Archive for September, 2010

Yankees leverage wins by throwing money at their players

Today’s New York Times sports section provided this intriguing graphic on “putting a price tag on winning”.  Their hometown Yankees stand out as the big spenders by far.  It paid off in wins over the last decade – the period studied.  However, if you cover up the point depicting the Yanks, the graph becomes far less compelling that salary buys wins – mainly due to counteractive results enjoyed by two low-payroll teams: The Minnesota Twins and the Oakland Athletics.

I found similar patterns and, more importantly, data to reproduce these, in this study of MLB Payroll Efficiency, 2006-2008 by Baseball Analyst Rich Lederer. No offense to Rich or the NY Times – it is the damn Yankees (sorry but I am weary of them defeating the Twins every post-season) who are the blame for this flaw in drawing conclusions from this data: One point exerts undue leverage on the fit, which you can see on this diagnostic graph generated by Design-Expert® software.

However, after doing the obvious thing – yanking the Yanks from the data, the conclusion remains the same: Higher payroll translates to more wins in Major League baseball.  Here are the stats with/without the Yankees:

  • R-squared: 0.41/0.34
  • Wins per $ million of payroll (slope of linear fit): +0.13/0.16

In this case, a high leverage point does not exert the potential influence, that is, the end result does not change due to its location.  If you’d like to simulate how leverage impacts fit, download this educational simulation posted by Hans Lohninger, Associate Professor of Chemometrics at Vienna University of Technology.


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Minnesota’s ’08 Senate race dissed by British math master Charles Seife

Sunday’s New York Times provided this review of Proofiness – The Dark Arts of Mathematical Deception – due for publication later this week.  The cover, seen here in Amazon, depicts a stats wizard conjuring numbers out of thin air.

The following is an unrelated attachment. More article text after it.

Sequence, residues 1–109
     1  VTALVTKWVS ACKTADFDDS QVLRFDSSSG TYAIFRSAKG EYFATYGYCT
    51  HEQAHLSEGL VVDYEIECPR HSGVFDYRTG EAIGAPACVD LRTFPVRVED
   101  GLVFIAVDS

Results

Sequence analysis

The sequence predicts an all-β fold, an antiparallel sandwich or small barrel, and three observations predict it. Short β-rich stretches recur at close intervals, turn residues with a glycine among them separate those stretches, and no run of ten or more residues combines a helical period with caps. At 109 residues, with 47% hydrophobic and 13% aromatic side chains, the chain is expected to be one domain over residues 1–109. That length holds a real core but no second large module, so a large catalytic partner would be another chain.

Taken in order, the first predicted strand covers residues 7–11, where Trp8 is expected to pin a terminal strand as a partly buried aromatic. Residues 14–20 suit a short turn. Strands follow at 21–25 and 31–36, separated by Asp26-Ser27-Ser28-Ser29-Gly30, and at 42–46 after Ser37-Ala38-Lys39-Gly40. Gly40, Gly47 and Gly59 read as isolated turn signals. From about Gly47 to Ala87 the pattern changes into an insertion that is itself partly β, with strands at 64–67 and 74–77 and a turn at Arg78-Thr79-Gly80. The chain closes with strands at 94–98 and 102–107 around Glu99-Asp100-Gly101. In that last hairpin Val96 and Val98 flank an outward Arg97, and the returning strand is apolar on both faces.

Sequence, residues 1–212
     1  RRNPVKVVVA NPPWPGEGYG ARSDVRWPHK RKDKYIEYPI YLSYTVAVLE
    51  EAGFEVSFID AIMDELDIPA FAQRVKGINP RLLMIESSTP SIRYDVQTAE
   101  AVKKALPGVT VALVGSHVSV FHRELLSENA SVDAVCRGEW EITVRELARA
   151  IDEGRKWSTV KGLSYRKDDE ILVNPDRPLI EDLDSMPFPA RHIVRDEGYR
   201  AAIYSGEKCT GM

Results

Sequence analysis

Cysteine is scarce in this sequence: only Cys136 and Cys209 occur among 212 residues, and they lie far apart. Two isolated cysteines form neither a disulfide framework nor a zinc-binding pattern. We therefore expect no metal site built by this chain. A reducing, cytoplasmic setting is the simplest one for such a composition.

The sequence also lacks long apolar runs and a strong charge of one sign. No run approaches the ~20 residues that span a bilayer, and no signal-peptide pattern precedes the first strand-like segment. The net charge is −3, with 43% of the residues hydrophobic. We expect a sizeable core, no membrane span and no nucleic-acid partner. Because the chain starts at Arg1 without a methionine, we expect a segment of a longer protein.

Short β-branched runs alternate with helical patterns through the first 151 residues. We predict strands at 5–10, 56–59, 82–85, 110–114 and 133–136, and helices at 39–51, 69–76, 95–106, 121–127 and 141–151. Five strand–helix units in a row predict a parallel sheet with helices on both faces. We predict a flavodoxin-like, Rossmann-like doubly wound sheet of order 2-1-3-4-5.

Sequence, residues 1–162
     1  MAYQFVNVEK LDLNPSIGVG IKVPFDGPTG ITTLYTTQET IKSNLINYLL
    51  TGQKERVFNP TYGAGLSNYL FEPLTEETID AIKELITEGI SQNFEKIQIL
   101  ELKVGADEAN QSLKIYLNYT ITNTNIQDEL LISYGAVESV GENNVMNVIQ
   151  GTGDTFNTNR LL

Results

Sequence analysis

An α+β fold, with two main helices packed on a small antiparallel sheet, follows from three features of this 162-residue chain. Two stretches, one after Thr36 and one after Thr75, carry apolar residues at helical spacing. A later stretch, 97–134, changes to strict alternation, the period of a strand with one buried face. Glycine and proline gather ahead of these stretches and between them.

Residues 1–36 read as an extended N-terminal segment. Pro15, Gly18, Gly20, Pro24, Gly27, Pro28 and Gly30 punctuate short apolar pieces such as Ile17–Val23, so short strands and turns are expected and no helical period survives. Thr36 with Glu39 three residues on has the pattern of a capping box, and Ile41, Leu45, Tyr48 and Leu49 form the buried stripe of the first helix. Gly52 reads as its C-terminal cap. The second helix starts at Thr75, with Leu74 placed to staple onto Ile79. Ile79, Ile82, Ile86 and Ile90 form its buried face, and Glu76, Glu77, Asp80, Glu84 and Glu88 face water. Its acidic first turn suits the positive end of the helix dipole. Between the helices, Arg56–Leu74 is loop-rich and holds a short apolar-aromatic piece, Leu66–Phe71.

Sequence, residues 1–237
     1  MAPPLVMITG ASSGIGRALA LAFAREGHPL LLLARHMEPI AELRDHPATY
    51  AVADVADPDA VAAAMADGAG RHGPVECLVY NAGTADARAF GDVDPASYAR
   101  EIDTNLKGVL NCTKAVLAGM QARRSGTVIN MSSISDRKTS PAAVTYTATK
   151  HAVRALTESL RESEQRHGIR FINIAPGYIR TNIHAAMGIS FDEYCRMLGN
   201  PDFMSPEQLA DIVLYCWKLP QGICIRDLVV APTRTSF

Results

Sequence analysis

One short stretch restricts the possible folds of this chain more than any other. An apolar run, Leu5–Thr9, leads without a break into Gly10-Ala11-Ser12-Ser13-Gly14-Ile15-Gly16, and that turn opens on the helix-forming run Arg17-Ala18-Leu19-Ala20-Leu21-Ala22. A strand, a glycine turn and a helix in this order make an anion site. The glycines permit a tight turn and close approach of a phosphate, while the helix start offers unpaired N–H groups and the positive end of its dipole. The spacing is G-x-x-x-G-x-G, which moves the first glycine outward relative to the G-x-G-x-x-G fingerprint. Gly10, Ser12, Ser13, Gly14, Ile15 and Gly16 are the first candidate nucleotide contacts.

What caught my eye in the critique by Steven Strogatz – an applied mathematics professor at Cornell, was the deception caused by “disestimation” (as Proofiness author Seife terms it) of the results from Minnesota’s razor-thin 2008 Senate race, which Al Franken won by a razor-thin 0.0077 percent margin (225 votes out of 1.2 million counted) over Norm Coleman.  Disestimation is the act of taking a number too literally, understating or ignoring the uncertainties that surround it; in other words, giving too much weight to a measurement, relative to its inherent error.

“A nice anecdote I like to talk about is a guide at the American Museum of Natural History, who’s pointing at the Tyrannosaurus rex.  Someone asks, how old is it, and he says it’s 65 million and 38 years old.  Sixty-five million and 38 years old, how do you know that?   The guide says, well, when I started at this museum 38 years ago, a scientist told me it was 65 million years old. Therefore, now it’s 65 million and 38.  That’s an act of disestimation.  The 65 million was a very rough number, and he turned it into a precise number by thinking that the 38 has relevance when in fact the error involved in measuring the dinosaur was plus or minus 100,000 years.  The 38 years is nothing.”